In high school, Pixler began running track. Running her first 1500 race in ninth grade, Pixler took first place. “Mom, I ran it in 5:10!” she told her mother. Nancy Pixler, once a top collegiate athlete, knew that time was unlikely for such a young runner. Jessica laughs as she remembers, “My mom said, ‘Oh, they must have timed it wrong.’”

Later Nancy Pixler told her daughter that what she’d really been thinking was, Wow! That was a really fast time. Jessica Pixler’s road to Seattle Pacific University began with a campus visit. “The SPU soccer coach [Chuck Sekyra] and I had been talking seriously about me coming to Seattle Pacific,” says Pixler, “and he was the one who introduced me to Doris [Heritage]. I went into her office and started talking with her.

I felt the Holy Spirit more than I ever had in my entire life.” When she left Heritage’s office, Pixler says she knew where God wanted her: SPU.

After her first soccer and cross country seasons ended, Pixler made a decision. “I felt God made it clear to me that … it was time to let go of soccer,” she says. Her experience as a soccer player, though, turned out to be useful in races. “A lot of runners become intimidated if there’s pushing in a race,” she says. “I get excited, because it’s like playing soccer!”

But the jostling isn’t racing’s only thrill for Pixler. “I feel like I’m really in deep communication with God when I’m running,” says Pixler. “It’s such a good feeling to push yourself to the very limit you can go.”

By Spring Quarter, Pixler’s decision to leave the soccer field was confirmed as awards piled up. She brought home four All-American awards, won the national indoor mile and outdoor 1500, took second in the outdoor 800, and finished 10th nationally in cross country. Her second-place finish in the U.S.A. Juniors 1500 earned her a spot at the starting line of the 1500 at the Junior Pan American games in Sao Paulo, Brazil. There in July, she smoked the competition by nearly three seconds to add an international gold medal to her trophy case.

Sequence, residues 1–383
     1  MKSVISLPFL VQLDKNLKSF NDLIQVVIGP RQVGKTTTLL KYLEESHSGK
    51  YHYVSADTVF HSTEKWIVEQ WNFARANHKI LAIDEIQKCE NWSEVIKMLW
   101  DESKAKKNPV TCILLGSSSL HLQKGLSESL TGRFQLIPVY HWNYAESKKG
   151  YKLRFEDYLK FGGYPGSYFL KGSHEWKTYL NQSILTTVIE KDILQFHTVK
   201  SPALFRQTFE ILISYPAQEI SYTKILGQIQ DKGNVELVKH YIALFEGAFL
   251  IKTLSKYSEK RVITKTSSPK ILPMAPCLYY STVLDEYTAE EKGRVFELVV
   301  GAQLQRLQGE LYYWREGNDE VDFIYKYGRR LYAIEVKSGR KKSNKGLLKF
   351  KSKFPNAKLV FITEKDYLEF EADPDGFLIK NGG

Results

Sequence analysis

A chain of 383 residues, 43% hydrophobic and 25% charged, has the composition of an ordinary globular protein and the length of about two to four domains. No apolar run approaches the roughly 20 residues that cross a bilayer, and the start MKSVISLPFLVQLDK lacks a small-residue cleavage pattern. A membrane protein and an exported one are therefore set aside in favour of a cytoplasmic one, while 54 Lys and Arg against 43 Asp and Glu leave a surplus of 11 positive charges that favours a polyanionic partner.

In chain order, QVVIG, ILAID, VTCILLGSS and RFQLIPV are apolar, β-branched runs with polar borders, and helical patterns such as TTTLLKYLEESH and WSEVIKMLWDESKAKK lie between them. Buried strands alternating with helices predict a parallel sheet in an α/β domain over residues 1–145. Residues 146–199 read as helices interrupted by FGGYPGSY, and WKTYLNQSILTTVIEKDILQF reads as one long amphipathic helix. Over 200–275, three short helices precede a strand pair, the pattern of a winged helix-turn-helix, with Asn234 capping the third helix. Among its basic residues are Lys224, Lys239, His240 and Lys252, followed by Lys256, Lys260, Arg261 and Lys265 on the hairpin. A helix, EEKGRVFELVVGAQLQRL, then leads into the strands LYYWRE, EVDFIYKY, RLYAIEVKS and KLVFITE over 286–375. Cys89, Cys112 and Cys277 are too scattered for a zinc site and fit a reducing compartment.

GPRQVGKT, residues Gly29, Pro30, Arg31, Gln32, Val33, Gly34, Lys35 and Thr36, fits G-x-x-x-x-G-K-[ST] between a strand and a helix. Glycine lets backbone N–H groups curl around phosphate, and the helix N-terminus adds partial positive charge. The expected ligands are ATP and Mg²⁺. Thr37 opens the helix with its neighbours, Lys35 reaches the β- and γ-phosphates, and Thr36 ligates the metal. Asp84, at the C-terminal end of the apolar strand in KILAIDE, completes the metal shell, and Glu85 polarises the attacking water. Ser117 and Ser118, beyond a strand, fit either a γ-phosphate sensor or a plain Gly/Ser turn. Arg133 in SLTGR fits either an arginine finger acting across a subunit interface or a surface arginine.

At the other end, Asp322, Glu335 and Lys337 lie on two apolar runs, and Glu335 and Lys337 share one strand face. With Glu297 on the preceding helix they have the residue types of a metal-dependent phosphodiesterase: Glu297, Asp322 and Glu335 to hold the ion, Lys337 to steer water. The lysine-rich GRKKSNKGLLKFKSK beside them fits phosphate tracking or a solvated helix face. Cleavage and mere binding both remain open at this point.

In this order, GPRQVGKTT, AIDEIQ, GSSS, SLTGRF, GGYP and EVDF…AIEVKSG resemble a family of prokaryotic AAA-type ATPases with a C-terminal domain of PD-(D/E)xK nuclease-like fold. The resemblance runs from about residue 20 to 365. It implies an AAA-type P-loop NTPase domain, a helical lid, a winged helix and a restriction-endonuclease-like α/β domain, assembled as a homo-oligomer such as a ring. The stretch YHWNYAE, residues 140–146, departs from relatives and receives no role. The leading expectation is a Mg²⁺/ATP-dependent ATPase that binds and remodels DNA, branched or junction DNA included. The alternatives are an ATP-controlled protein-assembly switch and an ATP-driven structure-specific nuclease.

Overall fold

Now beginning her sophomore year, Pixler already has a goal for next summer: the 2008 Olympic trials. “I need to run two seconds faster than my P.R. [personal record],” she explains. “I need to run about a 4:17.”

Heritage likes this goal for Pixler; middle distance runners don’t usually peak until at least their mid-20s. “Goals need to be personal,” says Heritage, “but certainly the sky’s the limit for Jessica.”

—By Hope McPherson []
—Photos by Phil Ellisworth

Read more about Pixler's mentor, Coach Doris Heritage, in this online extra.

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Department Highlights

Falcon on the Fast Track
As a freshman, Jessica Pixler racked up numerous awards, including a gold at the Junior Pan American Games.

Doris Heritage: Trailblazer
SPU alumna was a trailblazer in women's running.

Five Teams Begin Their Seasons
Fall sports teams are earning wins and vying for the playoffs.

Falcons Retain GNAC All-Sports Crown
Leadership and talent led to more than seven sports titles.